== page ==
West Indies, the great archipelago which extends in a vast curve from Florida in North America to the north coast of South America, separating the Atlantic Ocean from the Mexican Gulf and the Caribbean Sea. The name still bears testimony to the belief cherished by Columbus that when he reached in the Bahamas (q.v.) the outlying portion of the New World he was actually on or close to that old-world India he was seeking. The name Antilles (q.v.), which is applied to the whole of the islands save the Bahamas, retains a trace of the belief in the old submerged continent of Antiglia. The table gives their area, population, and political connection (see also the several articles thereon):

West Indian Islands.

Area.

Pop.

Hayti............................................................

10,204

1,347,150

Dominican Republic....................................

18,045

610,000

Cuba..............................

40,000

1,572,845

Porto Rico (United States).......................

3,606

953,243

Jamaica (British).......................................

4,373

795,398

Trinidad (British).......................................

1,754

281,120

Barbadoes (British).....................................

166

197,792

Windward Islands (British) -

Grenada....................................................

133

66,762

St Vincent.............................................

133

48,424

Tobago....................................................

114

18,880

St Lucia....................................................

233

51,881

Leeward Isles (British) -

Antigua and Barbuda..........................

170

34,904

Montserrat.......................................

32

12,894

St Kitt's (and Anguilla)..........................

100

34,271

Nevis ....................................................

50

13,306

Dominica.................................................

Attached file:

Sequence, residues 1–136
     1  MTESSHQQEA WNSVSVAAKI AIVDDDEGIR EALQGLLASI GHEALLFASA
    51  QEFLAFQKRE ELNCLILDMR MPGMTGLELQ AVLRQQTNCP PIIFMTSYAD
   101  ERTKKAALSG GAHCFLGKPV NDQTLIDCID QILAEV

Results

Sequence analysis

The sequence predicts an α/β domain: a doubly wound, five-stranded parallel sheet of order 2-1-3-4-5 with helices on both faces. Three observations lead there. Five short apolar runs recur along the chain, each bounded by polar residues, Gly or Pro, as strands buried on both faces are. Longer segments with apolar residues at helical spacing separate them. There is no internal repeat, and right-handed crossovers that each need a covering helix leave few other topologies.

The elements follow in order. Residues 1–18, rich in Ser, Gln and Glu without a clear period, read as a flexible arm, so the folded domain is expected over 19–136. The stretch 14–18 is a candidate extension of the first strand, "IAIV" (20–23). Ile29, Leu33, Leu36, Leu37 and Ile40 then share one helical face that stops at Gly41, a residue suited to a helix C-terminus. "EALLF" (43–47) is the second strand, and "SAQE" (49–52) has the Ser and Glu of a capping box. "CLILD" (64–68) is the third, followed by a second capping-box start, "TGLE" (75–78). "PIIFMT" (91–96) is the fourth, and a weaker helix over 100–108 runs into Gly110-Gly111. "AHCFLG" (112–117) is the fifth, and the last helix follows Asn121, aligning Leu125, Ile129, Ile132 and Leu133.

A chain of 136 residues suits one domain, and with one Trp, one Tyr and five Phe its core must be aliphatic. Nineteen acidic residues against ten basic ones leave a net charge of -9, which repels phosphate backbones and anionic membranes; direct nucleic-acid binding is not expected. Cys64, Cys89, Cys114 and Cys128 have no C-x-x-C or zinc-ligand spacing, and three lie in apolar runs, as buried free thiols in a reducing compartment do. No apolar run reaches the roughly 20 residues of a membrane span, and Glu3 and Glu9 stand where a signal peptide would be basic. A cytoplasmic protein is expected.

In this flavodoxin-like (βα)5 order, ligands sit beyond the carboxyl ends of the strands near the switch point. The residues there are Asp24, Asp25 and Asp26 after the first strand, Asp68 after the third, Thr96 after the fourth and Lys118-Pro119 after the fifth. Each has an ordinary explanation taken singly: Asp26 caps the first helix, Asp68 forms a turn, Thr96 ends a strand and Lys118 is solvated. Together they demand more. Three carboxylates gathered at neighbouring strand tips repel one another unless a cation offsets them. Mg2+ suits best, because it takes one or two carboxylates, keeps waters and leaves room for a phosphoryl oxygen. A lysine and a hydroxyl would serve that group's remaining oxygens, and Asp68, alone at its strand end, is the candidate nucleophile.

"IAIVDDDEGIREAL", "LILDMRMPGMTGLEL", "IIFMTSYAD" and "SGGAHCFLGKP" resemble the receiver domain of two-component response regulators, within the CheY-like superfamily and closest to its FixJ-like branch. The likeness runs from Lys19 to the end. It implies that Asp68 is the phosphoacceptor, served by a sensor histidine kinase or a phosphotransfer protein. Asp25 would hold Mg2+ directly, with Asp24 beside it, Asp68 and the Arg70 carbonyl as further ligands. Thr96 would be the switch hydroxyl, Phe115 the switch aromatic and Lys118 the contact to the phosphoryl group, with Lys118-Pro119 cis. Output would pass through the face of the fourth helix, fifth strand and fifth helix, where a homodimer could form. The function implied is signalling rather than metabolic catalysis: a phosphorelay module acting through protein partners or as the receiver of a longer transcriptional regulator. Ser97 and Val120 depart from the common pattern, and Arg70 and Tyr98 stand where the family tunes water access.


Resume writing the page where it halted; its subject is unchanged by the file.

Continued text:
291

29,924

Part of Virgin Islands..........................

57

5,115

Bahamas..................................................

4,404

53,735

Guadeloupe, etc. (French).......................

503

179,243

Martinique, etc. (French).........................

381

203,781

St Bartholomew (French)........................

8

2,700

Curacao, Saba, etc. (Dutch)....................

403

53,046

Danish Islands (in Virgin group) -

St Thomas................................................

23

35,156

St Croix....................................................

73

St John.........................

20

Total ......................................

85,276

6,601,570

Calcareous rocks predominate, in some cases overlying granite and other igneous rocks; some of the minor Antilles are wholly volcanic; coral-reefs are found on many of them. All the islands except the northern Bahamas are tropical, and are liable to severe hurricanes. The productions are luxuriant and varied. Great events were the discovery (1492); the Spanish occupation; the introduction of negro slaves (1525) to take the place of the native Carib Indians, decimated by forced labour on the plantations; the development of the sugar industry; the gradual intrusion in the 17th century of French, English, and Dutch. Between 1635 and 1719 France secured Guadeloupe, Martinique, Grenada, and St Vincent; in 1632 Tobago and Curacao became Dutch; in 1623-1763 England obtained possession of St Christopher, Barbadoes, Antigua, Dominica, and the Grenadines. England's growing power at sea forced France to cede St Lucia, Grenada, and St Vincent; and there was fierce fighting in these regions, Rodney's defeat of the French fleet off Dominica in 1782 being one of the great naval battles of the world. The West Indies were long haunted by the Buccaneers, and some were used by Britain as penal settlements. The abolition of slavery in the English islands (1834-38), however creditable to the public conscience, was regarded by the planters and their friends as the main reason for the great decline in prosperity, from which the islands have but partially recovered. See works by M. G. Lewis (1834), Champlain (1859), Trollope (1859; new ed. 1869), Bates (1878), Kingsley (1869), Acosta (Hakluyt Soc. 1880), Eden (1881), Eves (new ed. 1891), Froude (1888), Paton (1888), Bulkeley (1890).